Ice skate indoors or out at this outstanding nonprofit facility. Lovely Lee Twombly Pond has been hailed as one of the best outdoor skating spots in the country. Anchoring the curving 13,600-square-foot “pond” (it’s really refrigerated ice contoured to look like one) is a cabin-style warming house with indoor and outdoor fireplaces and space to stash gear. Skate rentals ($2) are inside the neighboring skating and community center, which has one public skating session most days on its NHL-sized rink and adds more during schools’ winter break. Skating costs $5 (age 5 and under free) for pond and rink, though usually just the pond is open to the public (10 a.m. to 9 p.m. daily; pond skating is free for Falmouth residents). You can keep your skates on if heading indoors to the vending machines or snack bar, which opens for events, including figure and speed skating competitions and hockey games. Pond skaters love taking a break to catch some rink action.
High and Marshall streets, Bath, cityofbath.com
This skating pond has a warming hut, concession stand and bathroom and is lighted for night skating – not to mention, it’s close to the shops and restaurants in Bath’s charming downtown. Look for a green sign to mark safe conditions or a red sign if the ice is not safe. Hours: Dawn to 9 p.m. daily; warming hut 3 p.m. to 9 p.m. weekdays, noon to 9 p.m. weekends.
ANDROSCOGGIN BANK COLISÉE
190 Birch St., Lewiston, (207) 783-2009, thecolisee.com
The name of this hockey and events center attests to Lewiston’s French-Canadian heritage, as does its impressive hockey legacy and the poutine sold at the snack bar. Two current Canadian-born NHL stars, Jonathan Bernier and David Perron, played for the Lewiston MAINEiacs, a Quebec Major Junior Hockey League team based here from 2003 to 2011. Opened in 1959 under a different name, the facility’s biggest claim to fame is hosting the boxing rematch between Sonny Liston and Muhammad Ali in 1965. The well-maintained 80-foot-by-120-foot arena seats a few thousand and looks much as it did then. Public skating ($5 adults, $3 children; skate rentals $3) and pickup hockey sessions are held several times a month (times vary, check the website), and every day but Sunday of February school break. And when area schools close for snow, public skating is on at the Colisée.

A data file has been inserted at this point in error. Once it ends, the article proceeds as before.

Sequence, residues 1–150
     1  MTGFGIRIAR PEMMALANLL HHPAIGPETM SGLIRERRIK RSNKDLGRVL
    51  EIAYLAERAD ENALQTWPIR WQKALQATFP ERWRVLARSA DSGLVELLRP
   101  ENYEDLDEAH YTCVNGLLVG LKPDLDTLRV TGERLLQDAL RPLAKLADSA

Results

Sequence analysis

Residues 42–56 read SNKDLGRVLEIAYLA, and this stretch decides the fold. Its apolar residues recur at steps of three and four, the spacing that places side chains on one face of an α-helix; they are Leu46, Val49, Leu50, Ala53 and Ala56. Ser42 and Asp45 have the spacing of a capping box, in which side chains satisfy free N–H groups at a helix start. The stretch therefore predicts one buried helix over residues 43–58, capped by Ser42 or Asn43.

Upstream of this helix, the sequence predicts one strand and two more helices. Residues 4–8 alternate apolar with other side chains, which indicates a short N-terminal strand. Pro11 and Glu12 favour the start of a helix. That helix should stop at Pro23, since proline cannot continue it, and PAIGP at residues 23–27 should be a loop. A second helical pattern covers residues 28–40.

SAWYER ICE ARENA
107 13th St., Bangor, (207) 947-0071, bangorparksandrec.com
Public skating sessions at this city-owned arena have set times but are “subject to change,” notes the website. So, call before heading here, especially if you’re traveling a distance. But with public skates scheduled daily, this NHL-sized, utilitarian rink in the city’s Hayford Park is a good destination for skating enthusiasts. Newbies, not so much, as there are no skate rentals. Weekday sessions from 12:30 p.m. to 1:30 p.m. are $3; weekend sessions are $5, from 3:30 p.m. to 5 p.m. Saturday and 2:30 p.m. to 4 p.m. Sunday. There’s also free outdoor skating in some Bangor parks.
SUGARLOAF OUTDOOR CENTER
Off Route 27, Carrabassett Valley, (207) 237-6830, sugarloaf.com
This NHL-sized outdoor rink is behind a lodge that’s home base for non-Alpine offerings (also cross-country skiing, snowshoeing and winter biking) at Sugarloaf Mountain Resort in western Maine, one of the state’s two big ski resorts. Head inside to warm up at the fireplace or grab a bite at Bull Moose Bakery & Cafe. Rink hours are 9 a.m. to 5 p.m. Sunday through Friday and 9 a.m. to 8 p.m. Saturday. Fees ($10 adults, $7 children; rentals $7) are good for the day. Pickup hockey is Tuesday and Thursday, 5 p.m. to 8 p.m.
Ray Routhier contributed to this article.